Special Edition (2 CD/2LP)
This is your standard budget-conscious edition available in either CD or LP format. The first disc is the original stereo album, remastered with pleasing results. Yes, for those of you sticklers for detail, the phasing issues with the stereo master have not been corrected. According to some sources, the problem is in the master tapes themselves. A little searching on the internet and one can find a fan-created “phase corrected” version that does sound a bit different and is worth tracking down. To these ears the nowadays rare Steve Hoffman mastered DCC Gold CD version might still have the advantage in terms of overall quality of listening experience. Still, it sounds as good as it can for an affordable new proletariat release.
The second disc contains a mixed bag of other songs from the recording sessions. Absolutely essential to any McCartney collection are the single “Another Day” and minimalist bluesy number “Oh Woman Oh Why.” The rest of the disc is a mixed bag. “Little Woman Love” is fun little piano rag where Linda’s backing vocals shine and “Hey Diddle” is lovingly tender acoustic stomp. “A Love For You” is decent and sounds Harrison-esque to these ears. The rest is a bit inconsequential. “Great Cock and Seagull Race” is an instrumental that isn’t bad, but it doesn’t really go anywhere. “Rode All Night” for the first minute or two is alright, but then proceeds to drag on for nearly another 5 minutes in a highly repetitive fashion that by the ends wears on the listener’s ears and becomes borderline annoying.”Sunshine Sometimes” shows promise as an instrumental, but definitely seems not quite formed. Between the essential album tracks and the couple of great tracks on the 2nd disc, at the very least this version should be on any even mild McCartney fan’s shelf.
Deluxe Edition (4 CD + 1 DVD)
This souped-up version contains the two discs from the previous version, plus the very first CD pressing of the mono edition of the album and a disc called Thrillington, which is an orchestral arrangement of songs from RAM, originally release by McCartney under a pseudonym. The DVD contains an album making-of documentary called Ramming, as well as 4 promotional videos. In addition to the discs, the box contains a photo book, flip book, replica photos and download card, all housed in a fabric-wrapped box. It seems mighty impressive, but can’t be discussed further as it was a little too pricey for this writer’s wallet and thus not fully explored.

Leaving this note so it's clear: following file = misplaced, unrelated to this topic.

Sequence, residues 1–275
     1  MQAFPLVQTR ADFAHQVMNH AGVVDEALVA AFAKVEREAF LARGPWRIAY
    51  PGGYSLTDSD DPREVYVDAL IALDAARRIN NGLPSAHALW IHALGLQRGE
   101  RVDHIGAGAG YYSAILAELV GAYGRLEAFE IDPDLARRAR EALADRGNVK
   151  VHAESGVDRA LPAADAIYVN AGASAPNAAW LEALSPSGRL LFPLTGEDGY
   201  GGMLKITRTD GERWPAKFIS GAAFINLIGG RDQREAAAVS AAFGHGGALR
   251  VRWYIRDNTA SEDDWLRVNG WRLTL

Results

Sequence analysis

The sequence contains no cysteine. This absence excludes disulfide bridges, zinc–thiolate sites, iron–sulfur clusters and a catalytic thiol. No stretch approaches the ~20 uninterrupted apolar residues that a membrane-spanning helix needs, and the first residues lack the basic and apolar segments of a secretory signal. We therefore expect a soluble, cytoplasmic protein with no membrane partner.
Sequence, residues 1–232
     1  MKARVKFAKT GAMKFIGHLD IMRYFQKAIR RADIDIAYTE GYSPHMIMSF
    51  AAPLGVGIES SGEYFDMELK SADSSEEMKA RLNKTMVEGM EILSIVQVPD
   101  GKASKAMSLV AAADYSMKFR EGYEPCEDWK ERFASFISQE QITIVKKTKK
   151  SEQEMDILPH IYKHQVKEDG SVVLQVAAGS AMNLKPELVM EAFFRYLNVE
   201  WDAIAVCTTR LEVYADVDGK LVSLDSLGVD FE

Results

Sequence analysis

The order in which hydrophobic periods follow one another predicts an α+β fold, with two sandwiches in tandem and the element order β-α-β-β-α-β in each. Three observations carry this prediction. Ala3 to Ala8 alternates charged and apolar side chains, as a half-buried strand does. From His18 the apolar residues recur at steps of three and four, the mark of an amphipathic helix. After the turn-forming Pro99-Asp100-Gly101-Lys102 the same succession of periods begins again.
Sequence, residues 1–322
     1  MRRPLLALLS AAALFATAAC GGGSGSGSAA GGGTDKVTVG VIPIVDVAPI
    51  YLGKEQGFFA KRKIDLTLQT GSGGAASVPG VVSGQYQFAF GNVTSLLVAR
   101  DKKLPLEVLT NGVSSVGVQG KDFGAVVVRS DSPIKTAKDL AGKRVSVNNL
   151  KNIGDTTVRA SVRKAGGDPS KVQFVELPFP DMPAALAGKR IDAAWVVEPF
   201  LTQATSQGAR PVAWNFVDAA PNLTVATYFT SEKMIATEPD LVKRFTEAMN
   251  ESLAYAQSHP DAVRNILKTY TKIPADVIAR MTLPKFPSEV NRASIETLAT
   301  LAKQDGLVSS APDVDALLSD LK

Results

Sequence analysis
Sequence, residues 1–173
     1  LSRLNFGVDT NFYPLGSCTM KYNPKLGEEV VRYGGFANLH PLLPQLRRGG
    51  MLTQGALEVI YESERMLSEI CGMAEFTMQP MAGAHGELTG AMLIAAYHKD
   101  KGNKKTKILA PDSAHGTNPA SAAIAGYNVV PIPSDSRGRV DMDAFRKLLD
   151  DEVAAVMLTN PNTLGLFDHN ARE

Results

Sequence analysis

Limited Edition Mono LP
This is what has interested many a fan and collector, me included. Originally released only as a radio promo, it now sees the light of day as a limited commercial release coming in a plain white sleeve with the album title written on the sleeve to appear as if scribbled in pencil. This is all in an effort to stay true its promo-only roots. For many, this will become the go-to copy for home listening. As many found with the Beatles reissues, the issue of stereo vs. mono really depends on the album as to which is preferred, but in most cases, a mono mix has more “punch” to it. For a mostly laid-back album like this, it makes the whole thing seem more immediate and engaging honestly. Some noticeable differences include lower backing vocals and fades in different places on certain songs, such as “Too Many People” and “Dear Boy.” “Monkberry Moon Delight” sounds quite different. It feels like there’s more echo on the vocals, giving the feverish-sounding lyrics even more effect on the listener, creating a more psychedelic and satisfying experience. The pressing is of decent quality, with minimal surface noise. This striking mono edition of the album has barely left the turntable in weeks and should be in every audiophile and vinyl enthusiast’s collection.
Jarad Matula | Senior Writer